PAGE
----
3. Route Determination: The worlds of a subsector are connected by the charted space lanes, which mark the regular routes travelled by commercial starships. While it is possible for starships to travel without regard to the lanes charted, individuals who do not own or control starships are generally restricted to commercial travel on ships which ply to routes which are mapped. For each world, note the starport type for it and for its neighbors. Consult the jump routes table, throwing one die.

Four columns are provided, corresponding to jump distances one through four. Determine the distance between the two worlds, and the relationship between the starports. At the intersection of the distance column and the world pair row, a number is stated. If the one die throw is equal to, or greater than the number, a space lane exists. Draw a line connecting the two worlds on the map. Each specific pair of worlds should be examined for jump routes only once.

This procedure is followed for most worlds within four hexes of each other; some worlds will obviously not have connecting space-lanes, and others will obviously have many. The nature of interstellar jumps is such that a jump-2 may be made over two connecting jump-1 links; by remembering this facet of star travel, it is possible to ignore some potential connections because they are already present through the use of shorted connecting lanes. This may well help in the creation of legible subsector maps.

You’ll notice that space lanes fall off really fast once you’re not connected to A or B-class starports. You’ll also see that only A and B-class starports have regular shipping lanes to worlds up to three or four parsecs away.

This produces well travelled routes hubbed around these better starports. These will be what the larger ships use. It creates a lot of backwater systems off the well-travelled path waiting for a Free Trader to show up with news and goods.

I really like the map that gets produced using the Trade Route table, allowing there to be a real sense of geography — the space lanes between worlds of regular trade and travel, and the backwater worlds most people don’t go to, or don’t leave, or don’t bother with.

In my imagination someone (or several people, over time) have scouted those worlds. But no real exploration or political overtures have been made. An interstellar government trading company might be at war with the locals on that world, but no regular trade or travel has been established. Such a world is still very much “frontier” from the point of view of the citizens of the interstellar government.

Just as importantly, these rules serve as a “prod to the imagination”, just like the world generation rules. Let’s say one generates a route from an A-Class starport to an E-Class starport. Well, why would such a thing exist? Why would a world with starship shipyard facilities have regular trade with a world with nothing more than a marked spot of bedrock with no fuel, facilities, or bases present?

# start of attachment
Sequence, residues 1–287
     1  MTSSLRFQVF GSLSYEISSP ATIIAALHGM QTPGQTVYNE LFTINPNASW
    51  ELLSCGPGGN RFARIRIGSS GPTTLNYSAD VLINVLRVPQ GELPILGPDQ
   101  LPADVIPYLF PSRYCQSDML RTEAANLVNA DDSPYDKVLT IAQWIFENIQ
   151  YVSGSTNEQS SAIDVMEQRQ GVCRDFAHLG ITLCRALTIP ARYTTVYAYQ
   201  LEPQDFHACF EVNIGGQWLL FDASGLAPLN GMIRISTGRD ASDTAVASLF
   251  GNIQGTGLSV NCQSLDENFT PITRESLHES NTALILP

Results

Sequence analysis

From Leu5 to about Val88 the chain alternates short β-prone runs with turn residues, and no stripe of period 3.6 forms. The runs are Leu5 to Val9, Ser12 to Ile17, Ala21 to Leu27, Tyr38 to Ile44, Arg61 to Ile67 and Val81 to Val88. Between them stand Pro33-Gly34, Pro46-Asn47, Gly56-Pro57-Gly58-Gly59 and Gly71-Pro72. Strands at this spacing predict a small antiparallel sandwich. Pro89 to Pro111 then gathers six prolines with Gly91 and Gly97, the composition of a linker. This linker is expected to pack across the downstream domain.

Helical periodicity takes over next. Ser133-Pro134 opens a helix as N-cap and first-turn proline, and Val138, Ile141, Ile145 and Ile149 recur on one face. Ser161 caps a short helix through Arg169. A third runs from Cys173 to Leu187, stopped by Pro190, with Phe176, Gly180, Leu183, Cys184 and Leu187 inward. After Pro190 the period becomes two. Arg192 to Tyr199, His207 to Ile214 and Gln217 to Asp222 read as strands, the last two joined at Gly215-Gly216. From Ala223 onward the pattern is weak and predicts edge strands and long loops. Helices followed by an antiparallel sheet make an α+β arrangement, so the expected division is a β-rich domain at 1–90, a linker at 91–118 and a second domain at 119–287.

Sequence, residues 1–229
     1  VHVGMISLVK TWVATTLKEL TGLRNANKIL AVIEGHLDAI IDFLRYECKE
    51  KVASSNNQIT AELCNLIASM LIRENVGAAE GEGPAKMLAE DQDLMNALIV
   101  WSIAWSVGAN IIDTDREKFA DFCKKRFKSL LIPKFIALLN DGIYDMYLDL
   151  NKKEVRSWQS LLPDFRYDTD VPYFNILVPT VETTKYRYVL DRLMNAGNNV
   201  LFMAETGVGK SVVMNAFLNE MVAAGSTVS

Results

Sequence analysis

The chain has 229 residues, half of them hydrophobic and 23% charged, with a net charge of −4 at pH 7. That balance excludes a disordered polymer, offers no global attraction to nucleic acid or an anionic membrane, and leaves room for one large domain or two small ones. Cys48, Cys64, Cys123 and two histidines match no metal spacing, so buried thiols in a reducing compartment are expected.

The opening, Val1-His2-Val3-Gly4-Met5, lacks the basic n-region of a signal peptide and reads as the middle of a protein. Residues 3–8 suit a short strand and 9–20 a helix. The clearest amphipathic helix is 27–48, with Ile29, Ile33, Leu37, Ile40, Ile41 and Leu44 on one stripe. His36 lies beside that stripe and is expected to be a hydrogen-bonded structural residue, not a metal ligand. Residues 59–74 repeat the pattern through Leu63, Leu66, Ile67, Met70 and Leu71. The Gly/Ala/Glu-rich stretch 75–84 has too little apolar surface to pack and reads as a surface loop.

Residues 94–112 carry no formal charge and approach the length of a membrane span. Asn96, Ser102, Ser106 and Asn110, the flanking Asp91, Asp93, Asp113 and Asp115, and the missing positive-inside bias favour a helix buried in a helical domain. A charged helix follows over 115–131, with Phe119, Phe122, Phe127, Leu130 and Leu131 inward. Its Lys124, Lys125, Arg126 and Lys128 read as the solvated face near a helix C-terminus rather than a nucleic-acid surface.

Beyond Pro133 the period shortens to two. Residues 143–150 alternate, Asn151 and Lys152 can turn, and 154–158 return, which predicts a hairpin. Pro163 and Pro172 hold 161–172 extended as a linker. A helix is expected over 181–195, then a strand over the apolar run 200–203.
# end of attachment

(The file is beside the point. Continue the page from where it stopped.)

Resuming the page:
For some the need to ask the question itself is reason to retreat from the whole issue and smooth the entire result away. This is the “this random result doesn’t make sense, so I’m going to ignore it” school of thinking that I think runs counter to the spirit of the original Traveller rules and, in my view, produces bland results.

Instead, when one gets a strange result, it is an invitation to invent unique and compelling circumstances. Why is there a regular trade route from an A-Class starport to an E-Class starport? Why is there not a trade route between two neighboring A-Class starports? The answers are infinite! As seen through the premise of a Science Fiction setting there are all sorts of reasons possible based off technology, resources, cultural connection, political maneuvering, economics, and more.

What is the interesting situation you can grow from the result that will provide compelling grist for adventures for the PCs? That’s how you look at

Clearly, the feel and logic of these Trade Routes has more in common with the feel I have found in the rest of rules as described in earlier blog posts than the Communication Routes described in the 1981 edition

It goes without saying that the Trade Route rules rules were cut from 1981 edition of the game and replaced with the Communication Routes rules.


8 thoughts on “TRAVELLER: Out of the Box – Interlude: Two Points Where I Prefer the 1977 Edition Over the 1981 Edition

  1. Pingback: TRAVELLER: Out of the Box–The Distant, Isolated Worlds of Original Traveller | Tales to Astound!

  2. Pingback: TRAVELLER: Out of the Box–Making the Sister’s Reach Subsector (1) | Tales to Astound!

  3. Pingback: TRAVELLER: Out of the Box–Making the Sister’s Reach Subsector [Adding the Space Lanes] | Tales to Astound!

  4. Pingback: An OSR Forum Makes a Subsector | Tales to Astound!

  5. Pingback: TRAVELLER: Out of the Box–Another Difference Between the 1977 Edition and the 1981 Edition | Tales to Astound!

  6. Pingback: TRAVELLER: Out of the Box–A Subsector Map and a Cluster | Tales to Astound!